Let A and B be two n×n matrices with real entries.
Define the function f : R → R by
f(x) = det(A + Bx)
(i) Show that f^{(3)}(x) = 3! det B.
(ii) Show that in general f^{(n)}(x) = n! det B.
f^{(n)}(x) is the nth derivative of f(x).
Let C = A + Bx. Then Det C is the sum of n! terms, each such term being the product of n components of the matrix, C.
Upon taking the nth derivative of Det C, each such term will vanish, except for the terms of degree n or higher. But each component of C is either constant or linear in x. Hence, Det C is an nth degree polynomial in x, where the term in the nth power of x is made from the product of all linear terms in x; in other words, the product along the diagonal: Product( ann + x bnn).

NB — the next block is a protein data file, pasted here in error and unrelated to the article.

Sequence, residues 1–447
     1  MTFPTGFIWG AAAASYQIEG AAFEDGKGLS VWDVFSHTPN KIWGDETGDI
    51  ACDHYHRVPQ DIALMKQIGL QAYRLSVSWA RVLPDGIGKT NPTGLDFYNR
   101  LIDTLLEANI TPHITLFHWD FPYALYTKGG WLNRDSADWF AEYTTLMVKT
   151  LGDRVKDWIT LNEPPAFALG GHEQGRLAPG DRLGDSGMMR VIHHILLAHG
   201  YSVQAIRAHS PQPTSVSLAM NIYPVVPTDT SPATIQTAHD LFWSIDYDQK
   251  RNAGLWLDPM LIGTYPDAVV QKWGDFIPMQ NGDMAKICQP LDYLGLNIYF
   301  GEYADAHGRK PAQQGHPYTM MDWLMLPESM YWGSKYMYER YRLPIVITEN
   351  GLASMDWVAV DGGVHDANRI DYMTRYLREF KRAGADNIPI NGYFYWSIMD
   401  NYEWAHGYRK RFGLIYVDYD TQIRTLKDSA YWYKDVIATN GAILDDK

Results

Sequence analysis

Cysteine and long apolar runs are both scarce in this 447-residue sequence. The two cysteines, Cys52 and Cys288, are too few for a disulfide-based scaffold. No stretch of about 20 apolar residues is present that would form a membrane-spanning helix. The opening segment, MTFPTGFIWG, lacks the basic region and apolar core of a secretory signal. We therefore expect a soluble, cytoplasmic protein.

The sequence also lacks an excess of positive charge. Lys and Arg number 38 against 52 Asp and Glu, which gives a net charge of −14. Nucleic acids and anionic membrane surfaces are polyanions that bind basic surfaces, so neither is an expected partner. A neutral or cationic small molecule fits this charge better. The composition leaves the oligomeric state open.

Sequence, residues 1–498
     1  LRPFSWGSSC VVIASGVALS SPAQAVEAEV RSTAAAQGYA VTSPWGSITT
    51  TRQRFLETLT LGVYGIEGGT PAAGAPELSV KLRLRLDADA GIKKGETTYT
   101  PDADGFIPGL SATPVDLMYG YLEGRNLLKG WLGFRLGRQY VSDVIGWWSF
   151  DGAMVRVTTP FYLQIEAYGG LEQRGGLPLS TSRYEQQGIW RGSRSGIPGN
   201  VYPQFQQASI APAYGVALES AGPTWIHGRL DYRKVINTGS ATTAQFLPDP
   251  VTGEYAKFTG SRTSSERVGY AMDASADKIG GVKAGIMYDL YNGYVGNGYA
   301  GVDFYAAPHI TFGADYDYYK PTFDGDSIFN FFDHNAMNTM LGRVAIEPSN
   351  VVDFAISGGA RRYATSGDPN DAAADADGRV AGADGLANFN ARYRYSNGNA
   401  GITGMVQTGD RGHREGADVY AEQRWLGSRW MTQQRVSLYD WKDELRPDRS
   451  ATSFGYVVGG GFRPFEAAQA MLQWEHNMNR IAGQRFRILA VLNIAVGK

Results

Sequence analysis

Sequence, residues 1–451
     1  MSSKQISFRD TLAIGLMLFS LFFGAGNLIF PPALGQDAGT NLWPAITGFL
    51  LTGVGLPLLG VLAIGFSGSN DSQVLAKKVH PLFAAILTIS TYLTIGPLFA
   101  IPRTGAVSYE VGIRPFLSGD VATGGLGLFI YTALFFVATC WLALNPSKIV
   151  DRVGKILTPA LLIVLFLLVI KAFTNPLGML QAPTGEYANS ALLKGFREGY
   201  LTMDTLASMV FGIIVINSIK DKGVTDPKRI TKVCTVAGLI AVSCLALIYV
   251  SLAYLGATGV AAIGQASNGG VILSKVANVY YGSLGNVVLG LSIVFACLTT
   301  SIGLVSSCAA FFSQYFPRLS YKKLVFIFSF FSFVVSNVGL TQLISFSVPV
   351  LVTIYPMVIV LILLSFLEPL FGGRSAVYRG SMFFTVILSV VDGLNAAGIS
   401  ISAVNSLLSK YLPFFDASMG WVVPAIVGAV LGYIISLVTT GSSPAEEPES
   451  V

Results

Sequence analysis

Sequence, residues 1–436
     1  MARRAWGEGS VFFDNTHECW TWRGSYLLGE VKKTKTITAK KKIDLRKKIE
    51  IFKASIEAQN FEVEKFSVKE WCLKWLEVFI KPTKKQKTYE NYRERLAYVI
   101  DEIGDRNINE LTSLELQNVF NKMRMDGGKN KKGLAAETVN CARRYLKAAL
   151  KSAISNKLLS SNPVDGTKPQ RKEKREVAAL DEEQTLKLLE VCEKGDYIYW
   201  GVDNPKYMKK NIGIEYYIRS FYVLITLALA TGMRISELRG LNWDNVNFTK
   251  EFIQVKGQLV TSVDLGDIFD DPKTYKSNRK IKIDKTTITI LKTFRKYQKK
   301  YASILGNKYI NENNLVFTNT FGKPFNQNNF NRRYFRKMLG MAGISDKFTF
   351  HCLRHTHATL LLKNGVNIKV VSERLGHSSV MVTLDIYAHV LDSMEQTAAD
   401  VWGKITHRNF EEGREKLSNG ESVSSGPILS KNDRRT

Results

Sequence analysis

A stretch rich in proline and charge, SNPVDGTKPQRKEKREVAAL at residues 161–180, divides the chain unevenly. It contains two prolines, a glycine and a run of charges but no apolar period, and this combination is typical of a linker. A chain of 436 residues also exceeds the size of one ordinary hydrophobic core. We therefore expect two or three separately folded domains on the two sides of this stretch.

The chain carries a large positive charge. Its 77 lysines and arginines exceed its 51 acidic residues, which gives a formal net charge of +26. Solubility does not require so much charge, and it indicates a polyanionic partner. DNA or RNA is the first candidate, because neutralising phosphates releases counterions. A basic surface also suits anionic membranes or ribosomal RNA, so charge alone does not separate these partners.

This product itself is an nth degree polynomial, and we only need consider the term in x to the n; namely Product (x bnn). Taking the nth derivative gives n! Det B.

Posted by FrankM
on 20190527 13:35:53